“You’re a woman with a brain and reasonable ability…”

NASA, ISS,  2013 Inauguration:  National Mall from Orbit …

Astronauts on board the International Space Station captured this view of Washington, D.C. and the surrounding area on Sunday, Jan. 20, one day before the public Inauguration of President Barack Obama.

via via NASA – National Mall from Orbit.

LOL:  Source: Global Secular Humanist Movement

10
Jan
13

1.10.13 “Comparison is the thief of joy.”

Theodore Roosevelt, quotes, joy:

via Theological Horizons, centered at the Bonhoeffer House.

Netflix, Cable, “Hit”, tv, pop culture:

The basic question is almost a moral one: Is a “hit” a show that a lot of people watch, or one that is a business success for its maker? The former is a measure of absolute reach and cultural influence. (Though that’s not cut-and-dried either — people log millions of hours watching Wheel of Fortune a year, but that doesn’t mean it has proportionally deep cultural influence). The latter is, well, what determines whether a show stays on the air.

And that became a complicated question long before Netflix. I say this a lot, but it bears repeating: no one makes money from the physical act of your watching a show. They make money because advertisers will pay for ads because you’re watching (in which case your value depends on your demographic worth to advertisers). Or — with the rise of HBO and Showtime — because you subscribe to their service. Or — as digital media have multiplied — because you pay to download the show or watch it on demand or on DVD, or buy ancillary soundtracks and iTunes downloads.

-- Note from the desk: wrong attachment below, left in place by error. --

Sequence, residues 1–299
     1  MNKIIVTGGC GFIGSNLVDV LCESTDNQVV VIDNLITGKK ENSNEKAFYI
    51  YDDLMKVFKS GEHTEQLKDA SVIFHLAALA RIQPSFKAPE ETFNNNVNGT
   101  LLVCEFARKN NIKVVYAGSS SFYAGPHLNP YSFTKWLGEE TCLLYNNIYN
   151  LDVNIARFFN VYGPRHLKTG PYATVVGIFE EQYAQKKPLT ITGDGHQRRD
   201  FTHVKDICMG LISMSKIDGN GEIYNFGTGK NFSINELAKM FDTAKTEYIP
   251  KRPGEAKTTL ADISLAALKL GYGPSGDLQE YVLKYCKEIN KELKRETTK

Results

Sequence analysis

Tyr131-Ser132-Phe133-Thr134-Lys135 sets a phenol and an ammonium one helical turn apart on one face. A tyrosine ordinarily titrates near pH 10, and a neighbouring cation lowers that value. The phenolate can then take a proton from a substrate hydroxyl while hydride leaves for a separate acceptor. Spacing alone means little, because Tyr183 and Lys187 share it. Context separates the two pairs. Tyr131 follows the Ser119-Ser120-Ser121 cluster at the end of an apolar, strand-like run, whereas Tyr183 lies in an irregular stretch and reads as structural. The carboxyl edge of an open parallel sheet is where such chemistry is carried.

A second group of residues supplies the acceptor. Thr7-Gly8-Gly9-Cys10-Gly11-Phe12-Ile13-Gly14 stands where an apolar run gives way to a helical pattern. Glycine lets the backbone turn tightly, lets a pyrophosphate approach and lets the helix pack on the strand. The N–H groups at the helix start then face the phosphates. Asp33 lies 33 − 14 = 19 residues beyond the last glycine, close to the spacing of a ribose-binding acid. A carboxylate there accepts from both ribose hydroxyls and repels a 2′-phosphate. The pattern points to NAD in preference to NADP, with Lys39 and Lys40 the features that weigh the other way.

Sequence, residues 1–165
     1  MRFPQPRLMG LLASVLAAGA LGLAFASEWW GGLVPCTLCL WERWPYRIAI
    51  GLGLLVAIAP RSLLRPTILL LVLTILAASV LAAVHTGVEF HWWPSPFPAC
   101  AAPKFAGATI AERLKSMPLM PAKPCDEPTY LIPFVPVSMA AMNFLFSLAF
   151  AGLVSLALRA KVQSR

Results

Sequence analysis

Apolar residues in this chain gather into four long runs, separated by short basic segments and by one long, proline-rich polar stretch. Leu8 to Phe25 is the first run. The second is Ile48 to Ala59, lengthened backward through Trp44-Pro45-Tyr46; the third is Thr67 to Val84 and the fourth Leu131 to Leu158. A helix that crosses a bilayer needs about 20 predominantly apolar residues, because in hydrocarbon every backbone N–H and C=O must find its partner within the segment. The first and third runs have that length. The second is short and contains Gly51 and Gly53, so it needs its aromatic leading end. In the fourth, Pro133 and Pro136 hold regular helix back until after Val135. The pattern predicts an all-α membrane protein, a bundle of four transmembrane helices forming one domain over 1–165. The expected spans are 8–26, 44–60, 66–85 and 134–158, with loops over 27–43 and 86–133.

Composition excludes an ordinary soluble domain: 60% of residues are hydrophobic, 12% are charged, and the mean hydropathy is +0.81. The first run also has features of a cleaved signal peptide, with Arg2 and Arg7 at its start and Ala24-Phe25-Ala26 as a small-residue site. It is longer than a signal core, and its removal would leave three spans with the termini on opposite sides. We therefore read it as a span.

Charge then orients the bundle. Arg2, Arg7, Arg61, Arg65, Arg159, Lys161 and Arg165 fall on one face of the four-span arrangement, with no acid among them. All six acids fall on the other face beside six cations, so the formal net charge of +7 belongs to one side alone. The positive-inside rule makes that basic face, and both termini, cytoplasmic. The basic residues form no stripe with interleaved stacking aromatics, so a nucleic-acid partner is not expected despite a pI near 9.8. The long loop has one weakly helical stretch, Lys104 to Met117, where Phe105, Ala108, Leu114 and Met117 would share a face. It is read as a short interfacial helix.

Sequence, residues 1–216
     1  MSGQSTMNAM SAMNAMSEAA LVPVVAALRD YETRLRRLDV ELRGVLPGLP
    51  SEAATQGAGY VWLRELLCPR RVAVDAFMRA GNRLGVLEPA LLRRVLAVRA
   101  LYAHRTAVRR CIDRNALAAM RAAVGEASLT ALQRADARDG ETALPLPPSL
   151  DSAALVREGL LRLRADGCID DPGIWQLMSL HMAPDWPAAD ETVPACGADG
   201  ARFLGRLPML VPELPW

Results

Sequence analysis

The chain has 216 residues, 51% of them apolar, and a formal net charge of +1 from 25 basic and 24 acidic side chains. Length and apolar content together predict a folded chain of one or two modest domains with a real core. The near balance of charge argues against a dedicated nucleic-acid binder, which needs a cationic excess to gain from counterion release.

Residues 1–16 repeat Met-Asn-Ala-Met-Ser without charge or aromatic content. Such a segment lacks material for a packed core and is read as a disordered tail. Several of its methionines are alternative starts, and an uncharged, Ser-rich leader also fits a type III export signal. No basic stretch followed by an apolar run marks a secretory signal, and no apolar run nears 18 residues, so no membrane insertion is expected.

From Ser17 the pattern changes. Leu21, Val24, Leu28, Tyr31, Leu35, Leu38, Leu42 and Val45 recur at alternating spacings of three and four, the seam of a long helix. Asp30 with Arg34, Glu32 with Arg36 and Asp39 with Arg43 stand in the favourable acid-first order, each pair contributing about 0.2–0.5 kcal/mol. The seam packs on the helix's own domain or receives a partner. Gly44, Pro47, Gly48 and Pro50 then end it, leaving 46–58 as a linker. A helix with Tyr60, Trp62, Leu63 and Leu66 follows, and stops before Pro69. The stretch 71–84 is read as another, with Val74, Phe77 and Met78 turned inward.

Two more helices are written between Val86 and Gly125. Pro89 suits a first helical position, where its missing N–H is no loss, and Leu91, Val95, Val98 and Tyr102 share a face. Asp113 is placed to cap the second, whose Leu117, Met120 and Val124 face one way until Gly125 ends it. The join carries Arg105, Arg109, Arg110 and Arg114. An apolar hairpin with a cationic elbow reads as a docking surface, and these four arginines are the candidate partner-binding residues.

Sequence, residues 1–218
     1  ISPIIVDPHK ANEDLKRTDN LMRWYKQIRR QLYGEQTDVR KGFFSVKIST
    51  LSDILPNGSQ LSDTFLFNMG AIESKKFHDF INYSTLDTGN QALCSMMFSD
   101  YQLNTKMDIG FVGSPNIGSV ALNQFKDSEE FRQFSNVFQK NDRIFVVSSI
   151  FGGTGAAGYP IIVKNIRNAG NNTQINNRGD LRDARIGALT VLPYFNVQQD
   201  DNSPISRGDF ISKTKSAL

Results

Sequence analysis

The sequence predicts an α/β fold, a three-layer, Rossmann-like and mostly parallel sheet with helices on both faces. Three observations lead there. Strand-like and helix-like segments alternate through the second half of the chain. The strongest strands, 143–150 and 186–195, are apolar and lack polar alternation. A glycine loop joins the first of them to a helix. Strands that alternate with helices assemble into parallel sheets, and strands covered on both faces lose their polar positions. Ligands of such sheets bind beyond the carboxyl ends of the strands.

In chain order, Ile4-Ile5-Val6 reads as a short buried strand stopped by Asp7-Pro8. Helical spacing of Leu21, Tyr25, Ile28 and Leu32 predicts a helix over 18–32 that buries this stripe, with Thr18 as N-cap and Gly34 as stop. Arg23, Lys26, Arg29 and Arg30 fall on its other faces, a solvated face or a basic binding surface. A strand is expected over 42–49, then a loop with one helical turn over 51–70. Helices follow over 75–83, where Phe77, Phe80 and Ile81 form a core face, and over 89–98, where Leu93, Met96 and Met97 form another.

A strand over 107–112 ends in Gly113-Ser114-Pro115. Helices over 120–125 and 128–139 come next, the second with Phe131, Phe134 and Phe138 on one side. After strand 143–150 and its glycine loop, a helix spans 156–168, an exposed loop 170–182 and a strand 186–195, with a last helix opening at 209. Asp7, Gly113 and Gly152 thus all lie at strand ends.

Thus we live in an era of cable “hits” that have a couple of million viewers and network TV “bombs” that have twice the total audience. We have programmers like HBO and Showtime that keep shows around because of calculations that are as much art as science: because they lend an aura of prestige, or because, though overall ratings are low, they bring in a viewership that otherwise would never watch the channel at all. If a mere million people watch a show on Starz, but every one of them subscribes to Starz solely to get that show, that show is a hit.